Chris Hallquist: I’m beginning to suspect that there’s an ambiguity in this argument. Does “formed” mean “formed from nothing” or just something like “added to”? Obviously you can’t get from a zero-membered set to an infinity-membered set from nothing, but if that’s the argument, Craig is just begging the question. But if the universe is infinitely old, then it’s always been infinitely old, but that’s compatible with its history being added to though successive addition.

Well he means formed from nothing, but I don’t see how this is question-begging.

Start from the present day and count backwards each day in the past. You have an unlimited amount of time to do so, and you aren’t required to include the days it takes you to count (you don’t have to include tomorrow, for example). But if the past series of events is actually infinite, you will never stop counting. We could even have one or two of our friends helping out, or 90 trillion of our friends helping out, it can’t be done. But there’s nothing preventing your from trying, that is, starting at zero.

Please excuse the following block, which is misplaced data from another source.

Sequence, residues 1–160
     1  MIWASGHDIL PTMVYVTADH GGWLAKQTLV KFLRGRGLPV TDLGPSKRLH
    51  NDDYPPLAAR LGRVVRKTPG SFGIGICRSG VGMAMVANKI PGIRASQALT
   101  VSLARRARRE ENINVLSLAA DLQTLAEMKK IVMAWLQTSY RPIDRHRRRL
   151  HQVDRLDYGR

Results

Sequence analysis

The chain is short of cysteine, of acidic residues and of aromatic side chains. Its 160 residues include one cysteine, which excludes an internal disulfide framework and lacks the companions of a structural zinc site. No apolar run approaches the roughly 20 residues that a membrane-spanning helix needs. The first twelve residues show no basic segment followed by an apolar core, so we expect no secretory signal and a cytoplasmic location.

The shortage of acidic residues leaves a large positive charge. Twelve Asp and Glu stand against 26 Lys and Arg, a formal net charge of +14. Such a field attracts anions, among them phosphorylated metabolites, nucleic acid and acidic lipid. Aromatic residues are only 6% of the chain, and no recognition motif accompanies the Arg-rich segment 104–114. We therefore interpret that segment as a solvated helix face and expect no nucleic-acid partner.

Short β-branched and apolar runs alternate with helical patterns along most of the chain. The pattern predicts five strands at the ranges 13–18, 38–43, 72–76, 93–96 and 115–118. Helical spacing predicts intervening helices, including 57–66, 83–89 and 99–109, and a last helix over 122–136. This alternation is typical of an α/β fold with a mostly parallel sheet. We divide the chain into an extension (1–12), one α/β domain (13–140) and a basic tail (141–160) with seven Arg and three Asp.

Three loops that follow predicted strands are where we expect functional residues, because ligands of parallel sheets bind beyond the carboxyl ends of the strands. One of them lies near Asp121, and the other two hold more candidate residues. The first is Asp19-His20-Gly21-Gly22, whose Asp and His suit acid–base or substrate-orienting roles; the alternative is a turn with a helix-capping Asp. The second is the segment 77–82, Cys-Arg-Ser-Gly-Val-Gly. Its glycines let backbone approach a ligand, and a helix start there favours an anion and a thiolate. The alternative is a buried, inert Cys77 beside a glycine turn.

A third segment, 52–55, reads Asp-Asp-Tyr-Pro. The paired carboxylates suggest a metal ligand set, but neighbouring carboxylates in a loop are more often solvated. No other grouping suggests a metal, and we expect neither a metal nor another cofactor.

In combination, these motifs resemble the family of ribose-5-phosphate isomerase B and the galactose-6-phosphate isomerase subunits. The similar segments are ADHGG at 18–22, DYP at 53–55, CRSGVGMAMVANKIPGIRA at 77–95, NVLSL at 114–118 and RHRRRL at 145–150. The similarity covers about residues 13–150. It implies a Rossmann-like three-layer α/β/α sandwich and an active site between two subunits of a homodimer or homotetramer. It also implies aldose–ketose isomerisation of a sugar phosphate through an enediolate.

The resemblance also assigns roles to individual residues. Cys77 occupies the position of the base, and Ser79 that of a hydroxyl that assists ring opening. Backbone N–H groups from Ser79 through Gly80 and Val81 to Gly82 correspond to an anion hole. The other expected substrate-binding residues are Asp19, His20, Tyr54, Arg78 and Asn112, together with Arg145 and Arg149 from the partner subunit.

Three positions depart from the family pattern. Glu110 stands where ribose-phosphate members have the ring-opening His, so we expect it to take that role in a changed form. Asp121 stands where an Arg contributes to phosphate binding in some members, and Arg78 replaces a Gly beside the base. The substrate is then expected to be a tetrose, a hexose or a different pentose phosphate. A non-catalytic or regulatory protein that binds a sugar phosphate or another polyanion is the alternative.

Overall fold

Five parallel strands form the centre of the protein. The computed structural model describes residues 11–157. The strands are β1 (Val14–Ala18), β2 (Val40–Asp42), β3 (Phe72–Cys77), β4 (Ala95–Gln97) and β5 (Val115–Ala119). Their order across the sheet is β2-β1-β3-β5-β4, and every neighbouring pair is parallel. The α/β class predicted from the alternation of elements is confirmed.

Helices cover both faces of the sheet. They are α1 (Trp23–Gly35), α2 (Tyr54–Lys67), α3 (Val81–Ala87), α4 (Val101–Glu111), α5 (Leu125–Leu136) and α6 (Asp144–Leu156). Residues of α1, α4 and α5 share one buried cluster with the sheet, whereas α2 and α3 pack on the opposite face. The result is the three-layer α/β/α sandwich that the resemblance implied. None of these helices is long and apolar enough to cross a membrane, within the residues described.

In this thought experiment, the “successive becoming” (moving from 999 to 1,000 for example) of each value in your incomplete sum is representative of the successive becoming of temporal events. The key to denying argument 2.2 would be to affirm that temporal becoming does not actually occur.

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Rick December 19, 2009 at 1:32 pm

Thomas Reid:
Can you explain how this is relevant to whether or not actual infinites can be created by counting?  

It’s not related to counting infinities per se, but aimed at removing the foundation underlying the A-Theory of Time. If, in our local corner of the universe, we perceive time to be linear, while on a larger scale it’s a manifold, then there are other ways for time to have begun in the universe than a mere linear shot from any locus. This would undermine the premise of their argument that: